Tired from his great exertion, he returned to the village. The following morning, he proceeded again to the forest, convinced that this time he would finish his new boat. Great, however, was his amazement when he saw his two trees once again standing erect and proud among their neighbors with no boat anywhere in sight.

Notwithstanding this renewed disappointment, he again took his axe and cut them down. Working hard and rapidly, he had hollowed out the hulls and shaped them before the sun had set. But instead of going home, he hid under some bushes nearby, for he wanted to see for himself by what magic charm or words the two trees had been restored to  stand upright and to grow as if nothing had happened to them.

It was a day after full moon; so he had to wait for some time. When the moon rose above the horizon he beheld a wonderful sight. Soon a dozen fairies suddenly appeared, dancing around his boat hulls, while they sang:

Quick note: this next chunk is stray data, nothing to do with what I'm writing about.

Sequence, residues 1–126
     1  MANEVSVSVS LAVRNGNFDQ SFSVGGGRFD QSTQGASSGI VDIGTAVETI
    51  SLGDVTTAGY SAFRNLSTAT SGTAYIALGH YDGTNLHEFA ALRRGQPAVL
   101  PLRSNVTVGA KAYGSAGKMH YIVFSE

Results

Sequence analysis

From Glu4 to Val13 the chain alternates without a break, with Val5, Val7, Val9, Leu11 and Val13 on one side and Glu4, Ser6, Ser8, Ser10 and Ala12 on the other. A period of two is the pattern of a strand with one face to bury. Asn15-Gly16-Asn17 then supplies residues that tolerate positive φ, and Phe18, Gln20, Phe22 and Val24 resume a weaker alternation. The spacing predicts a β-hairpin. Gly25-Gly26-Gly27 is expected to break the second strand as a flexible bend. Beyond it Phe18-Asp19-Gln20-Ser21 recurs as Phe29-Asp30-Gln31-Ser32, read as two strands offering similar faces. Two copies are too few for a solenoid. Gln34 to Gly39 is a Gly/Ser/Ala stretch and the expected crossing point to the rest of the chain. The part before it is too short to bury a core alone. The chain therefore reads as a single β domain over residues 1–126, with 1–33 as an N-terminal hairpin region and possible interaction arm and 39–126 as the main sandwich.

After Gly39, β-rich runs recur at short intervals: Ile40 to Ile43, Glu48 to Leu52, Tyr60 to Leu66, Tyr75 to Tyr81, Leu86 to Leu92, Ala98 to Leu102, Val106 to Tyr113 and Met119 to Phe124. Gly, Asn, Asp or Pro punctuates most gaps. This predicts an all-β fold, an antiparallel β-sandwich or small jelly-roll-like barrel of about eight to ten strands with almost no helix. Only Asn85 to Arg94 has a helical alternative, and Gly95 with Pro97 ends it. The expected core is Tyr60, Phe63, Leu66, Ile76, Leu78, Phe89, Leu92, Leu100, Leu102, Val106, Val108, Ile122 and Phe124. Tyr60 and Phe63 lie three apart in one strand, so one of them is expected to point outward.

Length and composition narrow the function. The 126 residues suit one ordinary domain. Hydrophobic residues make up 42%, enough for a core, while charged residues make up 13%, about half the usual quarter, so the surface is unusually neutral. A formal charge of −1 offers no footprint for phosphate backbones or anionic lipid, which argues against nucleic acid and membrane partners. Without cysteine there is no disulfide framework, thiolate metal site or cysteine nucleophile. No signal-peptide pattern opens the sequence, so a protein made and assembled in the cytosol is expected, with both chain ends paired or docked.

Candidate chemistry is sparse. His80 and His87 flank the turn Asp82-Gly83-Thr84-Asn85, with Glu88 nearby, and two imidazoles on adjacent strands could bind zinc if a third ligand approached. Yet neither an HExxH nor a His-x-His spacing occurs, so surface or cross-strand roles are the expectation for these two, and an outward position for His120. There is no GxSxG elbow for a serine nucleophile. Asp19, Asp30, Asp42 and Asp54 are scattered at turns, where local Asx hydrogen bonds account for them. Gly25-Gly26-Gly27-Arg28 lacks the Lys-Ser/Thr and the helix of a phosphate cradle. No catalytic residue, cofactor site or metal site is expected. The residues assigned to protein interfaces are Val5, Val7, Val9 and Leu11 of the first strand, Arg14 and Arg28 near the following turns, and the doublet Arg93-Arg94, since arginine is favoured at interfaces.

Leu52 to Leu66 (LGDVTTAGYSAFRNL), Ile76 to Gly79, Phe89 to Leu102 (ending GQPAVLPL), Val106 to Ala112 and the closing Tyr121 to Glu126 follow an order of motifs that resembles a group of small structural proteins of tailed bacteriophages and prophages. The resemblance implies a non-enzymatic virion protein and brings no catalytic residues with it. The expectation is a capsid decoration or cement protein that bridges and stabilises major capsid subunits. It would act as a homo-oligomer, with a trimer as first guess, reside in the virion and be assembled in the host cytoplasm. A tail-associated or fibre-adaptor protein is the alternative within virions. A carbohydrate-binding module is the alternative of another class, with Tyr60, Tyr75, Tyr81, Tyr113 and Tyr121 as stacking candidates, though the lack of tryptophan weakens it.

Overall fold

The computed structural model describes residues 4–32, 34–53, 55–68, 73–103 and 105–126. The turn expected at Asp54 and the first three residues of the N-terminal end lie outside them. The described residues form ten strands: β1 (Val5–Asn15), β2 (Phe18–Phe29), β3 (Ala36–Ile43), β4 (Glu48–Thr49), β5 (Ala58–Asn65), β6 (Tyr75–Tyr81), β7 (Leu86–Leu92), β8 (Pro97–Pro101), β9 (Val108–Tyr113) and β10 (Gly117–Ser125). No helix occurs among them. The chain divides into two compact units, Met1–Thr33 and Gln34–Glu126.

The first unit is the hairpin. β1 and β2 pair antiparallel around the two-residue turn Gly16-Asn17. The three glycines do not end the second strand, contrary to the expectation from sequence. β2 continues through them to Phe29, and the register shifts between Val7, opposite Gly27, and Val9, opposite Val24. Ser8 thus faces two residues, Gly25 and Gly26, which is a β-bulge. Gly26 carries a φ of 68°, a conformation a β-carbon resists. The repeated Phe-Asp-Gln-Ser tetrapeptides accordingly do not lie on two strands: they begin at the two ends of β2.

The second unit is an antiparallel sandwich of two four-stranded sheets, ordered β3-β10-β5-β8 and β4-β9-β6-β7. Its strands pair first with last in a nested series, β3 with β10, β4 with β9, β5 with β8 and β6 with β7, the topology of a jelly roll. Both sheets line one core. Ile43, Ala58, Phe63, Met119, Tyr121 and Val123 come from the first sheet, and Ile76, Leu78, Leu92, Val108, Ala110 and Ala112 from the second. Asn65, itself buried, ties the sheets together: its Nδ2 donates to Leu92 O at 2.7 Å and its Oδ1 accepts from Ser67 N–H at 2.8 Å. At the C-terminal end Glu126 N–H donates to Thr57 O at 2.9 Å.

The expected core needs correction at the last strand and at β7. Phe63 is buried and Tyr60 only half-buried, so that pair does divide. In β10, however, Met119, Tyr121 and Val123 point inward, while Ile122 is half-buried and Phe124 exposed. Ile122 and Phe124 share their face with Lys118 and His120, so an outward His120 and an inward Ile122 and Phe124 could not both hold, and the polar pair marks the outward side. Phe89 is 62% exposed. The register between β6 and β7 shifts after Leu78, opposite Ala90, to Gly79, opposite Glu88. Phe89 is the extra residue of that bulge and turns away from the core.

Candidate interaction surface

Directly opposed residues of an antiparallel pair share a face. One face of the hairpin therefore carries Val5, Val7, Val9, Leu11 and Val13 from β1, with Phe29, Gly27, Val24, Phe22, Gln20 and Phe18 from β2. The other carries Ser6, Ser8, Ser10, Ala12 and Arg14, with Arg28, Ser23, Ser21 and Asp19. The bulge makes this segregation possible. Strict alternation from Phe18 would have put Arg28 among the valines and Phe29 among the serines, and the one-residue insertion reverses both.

“Fly together, chips and shavings;
Then stand up, you two, our darlings;
Sticks ye, stick ye fast together;
old ye, hold ye fast together;
Fly together, chips and shavings,
Oh, stand up, you two our darlings!”

Imagine the surprise of Lata, when he saw that, while the fairies were singing, all the cut-off chips from the boat flew together, each piece to the exact place it had been, and before the song had come to its end, his two trees stood once again upright in the forest! So wonderful was the feat he had witnessed, that he did not grow angry at all. Instead, he approached the trees and fairies reverently to convince himself that he was not dreaming.